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"My Salinger Year" by Joanna Rakoff


“‘Follow me,’ he said and I trailed him down the main hallway, past a row of dark offices. As on the day before I longed to linger over the books lining the walls. My eye caught some thrillingly familiar names, like Pearl Buck and Langston Hughes, and some intriguingly foreign ones, like Ngaio Marsh, and my stomach began to flutter in the way it had on childhood trips to our local library: so many books, each enticing in its own specific way, and all mine for the taking. ‘Wow,’ I said, almost involuntarily. James stopped and turned. “I know,” he said with a real smile. ‘I’ve been here six years and I still feel that way.’ 
—from My Salinger Year by Joanna Rakoff

Everywhere else in the world, it is 1996. But in “The Agency”, a pseudonym for New York’s “oldest and most storied” literary agency, at least a couple of decades seem to have gone by unnoticed. Books line wood-panelled walls, reading lamps spotlight desktops (the flat, wooden kind upon which you put stuff other than computers). The telex machine was retired for a fax, but “sat in the office for years just in case such technology should be called into service again.” Email is non-operational——at least not at the beginning of My Salinger Year. Telephones, dictaphones and Selectric typewriters are the means of correspondence between The Agency, its authors, their publishers and the outside world.

It may be the office that time forgot, but it is also the place where Joanna Rakoff, newly hired as an agent’s assistant, is given “the best first job a girl could have.”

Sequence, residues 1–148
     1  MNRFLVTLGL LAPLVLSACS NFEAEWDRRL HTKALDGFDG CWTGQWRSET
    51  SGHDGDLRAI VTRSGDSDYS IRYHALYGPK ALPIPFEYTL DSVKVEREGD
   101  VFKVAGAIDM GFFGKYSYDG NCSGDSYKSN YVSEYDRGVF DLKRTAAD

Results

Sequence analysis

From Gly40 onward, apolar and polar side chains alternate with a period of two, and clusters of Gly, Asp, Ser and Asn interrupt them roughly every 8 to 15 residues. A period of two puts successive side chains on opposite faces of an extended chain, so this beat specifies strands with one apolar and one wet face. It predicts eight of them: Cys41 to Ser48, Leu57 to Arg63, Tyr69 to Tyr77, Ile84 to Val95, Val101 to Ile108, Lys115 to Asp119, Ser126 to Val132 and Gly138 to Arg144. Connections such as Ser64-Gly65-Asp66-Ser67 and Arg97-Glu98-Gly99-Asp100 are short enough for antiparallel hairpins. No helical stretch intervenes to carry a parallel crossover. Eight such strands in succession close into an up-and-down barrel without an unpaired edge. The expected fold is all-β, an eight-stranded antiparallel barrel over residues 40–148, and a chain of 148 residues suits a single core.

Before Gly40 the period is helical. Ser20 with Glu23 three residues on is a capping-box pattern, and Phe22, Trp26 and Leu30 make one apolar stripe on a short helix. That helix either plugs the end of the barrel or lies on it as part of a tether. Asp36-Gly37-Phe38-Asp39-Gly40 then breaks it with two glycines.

Not that she knows it at the time. In the process of wading through stacks, bundles and boxes of correspondence to The Agency’s consummate author-client, J.D. Salinger, Rakoff types one form letter after another to advise senders that their mail will not be forwarded. That is how Salinger wants it, her boss insists, and under no circumstances, no, no, no, is Rakoff to forward “Jerry” this mail.

It’s no small feat. War veterans write to “Jerry.” So do grieving parents, and seemingly no end of adolescent Holden Caulfield-sound-alikes who claim to be surrounded by “phonies”. There are solicitations for speaking engagements, film deals, commencement addresses, publishing offers, strange declarations and galling demands. It falls to Rakoff to read them all.

In My Salinger Year, Rakoff gradually discovers how much more there is to books than the words between the covers. That the business of books is all about relationships. And that before every book, there is the manuscript, and, if an author is very fortunate, there are agents who believe in them enough to send them out in the world.

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